July 17, 2020

First Bahá’ís in Ottawa Break Racial Barriers

In 1940s Ottawa, as the civil service grew larger by the day to support the war effort, an increasing number of women were hired as the men went overseas to fight. Two of them were single women in their late 20s: Lucille Giscome, a young black journalist from Northern Ontario, and Winnifred Harvey, a white college teacher from Manitoba. Both came to Ottawa to work for the Dominion Bureau of Statistics. Winnifred in a lower level management position and Lucille as a temporary clerk. Their offices were cramped, the hours were long, and not only was food rationed, so were office supplies. Those of different ranks within the service were expected to socialize with their peers.

Although Winnifred came from a middle-class old stock Canadian family (her father was a small town mill owner) and Lucille from a modest family (her father was a cook), they had a great deal in common: both were seekers of truth and voracious readers who were looking for careers rather than the safe traditional roles of wife and mother. They were to be the first and second members of the Ottawa Bahá’í Community.

Although she had heard of the Bahá’í Faith in Winnipeg, Winnifred undertook her study of the Faith in Ottawa and decided to become a member in June 1940. She ardently wished to share this Faith that to her made the whole world make sense and in which she could find no flaws. She was attracted by the beauty and spirituality of the Writings, but also by the principles such as the individual search for truth and the oneness of humanity. She had met Lucille at the office and invited her out for dinner – something that was not done at that time, not only because Lucille was black, but also because of the difference in their positions at work. Winnifred’s Faith emboldened her to break with the traditions that were expected of her, and Lucille herself was known for her outspoken views. Lucille accepted the invitation and the two young women soon spent a great deal of time together speaking about the Bahá’í Faith. Sometime, probably in 1941, Lucille accepted the Faith as her own. She was active administratively, serving on Bahá’í national committees and attending the Bahá’í National Convention in Chicago as a delegate in 1942. She probably also attended the Race Unity Dinner held at that convention. Soon after, she moved to Toronto, and in 1943 wrote “Man of the People”, a biographical sketch of a well-known political organizer and member of the communist party, A.A. McLeod, who later founded the Ontario Human Rights Commission. In Toronto she continued to be active in Bahá’í activities and attended firesides.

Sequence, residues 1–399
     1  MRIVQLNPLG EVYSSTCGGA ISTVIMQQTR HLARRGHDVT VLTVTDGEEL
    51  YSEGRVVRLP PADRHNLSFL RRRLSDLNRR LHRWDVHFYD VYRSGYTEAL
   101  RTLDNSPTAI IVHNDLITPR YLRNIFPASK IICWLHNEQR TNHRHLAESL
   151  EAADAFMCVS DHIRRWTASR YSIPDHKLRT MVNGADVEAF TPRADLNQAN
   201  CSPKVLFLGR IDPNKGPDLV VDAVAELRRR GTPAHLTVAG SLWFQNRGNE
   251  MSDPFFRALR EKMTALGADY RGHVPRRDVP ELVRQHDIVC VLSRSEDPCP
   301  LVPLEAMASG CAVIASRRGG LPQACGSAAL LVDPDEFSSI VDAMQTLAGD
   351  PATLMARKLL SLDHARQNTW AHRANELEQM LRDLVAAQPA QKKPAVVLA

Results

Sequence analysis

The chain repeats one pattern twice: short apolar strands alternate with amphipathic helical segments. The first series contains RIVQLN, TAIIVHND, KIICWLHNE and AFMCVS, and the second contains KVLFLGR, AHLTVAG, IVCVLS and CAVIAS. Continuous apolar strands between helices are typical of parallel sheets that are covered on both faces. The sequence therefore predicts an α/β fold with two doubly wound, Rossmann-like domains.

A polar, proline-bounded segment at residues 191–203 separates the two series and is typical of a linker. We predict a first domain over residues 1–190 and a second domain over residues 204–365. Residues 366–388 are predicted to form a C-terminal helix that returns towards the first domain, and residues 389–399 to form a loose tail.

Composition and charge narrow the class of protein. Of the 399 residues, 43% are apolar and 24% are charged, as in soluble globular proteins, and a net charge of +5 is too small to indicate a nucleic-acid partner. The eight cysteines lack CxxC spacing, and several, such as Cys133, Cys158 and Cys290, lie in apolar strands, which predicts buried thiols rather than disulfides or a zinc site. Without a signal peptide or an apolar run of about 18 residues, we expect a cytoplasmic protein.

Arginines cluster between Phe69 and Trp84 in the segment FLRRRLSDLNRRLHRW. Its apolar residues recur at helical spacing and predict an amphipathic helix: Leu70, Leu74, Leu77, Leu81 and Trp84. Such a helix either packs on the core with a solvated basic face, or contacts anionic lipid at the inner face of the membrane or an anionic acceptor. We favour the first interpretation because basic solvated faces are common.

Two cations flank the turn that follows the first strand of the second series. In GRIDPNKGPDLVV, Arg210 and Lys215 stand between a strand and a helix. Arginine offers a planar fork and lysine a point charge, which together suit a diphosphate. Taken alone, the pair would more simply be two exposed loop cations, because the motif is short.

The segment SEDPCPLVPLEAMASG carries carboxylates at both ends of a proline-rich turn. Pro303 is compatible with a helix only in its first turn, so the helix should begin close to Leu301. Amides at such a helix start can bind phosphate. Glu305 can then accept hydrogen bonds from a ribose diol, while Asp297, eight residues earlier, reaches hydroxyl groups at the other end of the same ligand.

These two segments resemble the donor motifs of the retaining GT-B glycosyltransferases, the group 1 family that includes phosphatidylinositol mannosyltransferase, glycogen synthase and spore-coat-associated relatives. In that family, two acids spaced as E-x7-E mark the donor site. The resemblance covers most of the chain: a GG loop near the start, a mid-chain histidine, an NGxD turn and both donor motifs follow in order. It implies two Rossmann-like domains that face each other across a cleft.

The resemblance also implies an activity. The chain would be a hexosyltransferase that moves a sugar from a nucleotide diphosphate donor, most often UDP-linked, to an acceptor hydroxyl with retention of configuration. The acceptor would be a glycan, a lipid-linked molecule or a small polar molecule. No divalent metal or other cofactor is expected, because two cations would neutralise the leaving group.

In 1948, at the age of 36, disgusted by the racism she had faced in Canada, Lucille travelled to England and then on to Czechoslovakia where she learned to speak Czech and became the editor of a Prague newspaper. There is a record of a letter she wrote in 1953 from Czechoslovakia to W.E.B, DuBois, the American sociologist, socialist, historian and civil rights activist, asking for information on U.S. progressive movements and colonialism. Lucille Giscome appears to have died in Czechoslovakia.

While their lives may not have intersected in their later years, Winnifred Harvey and Lucille Giscome shared a friendship that was unusual in the 1940s. One white, one black, they were both enamoured with the Bahá’í teachings on race unity and courageously upheld it despite prevalent societal views.

Excerpt from book in progress “Winnifred Harvey and the beginnings of the Bahá’í Faith in Ottawa”

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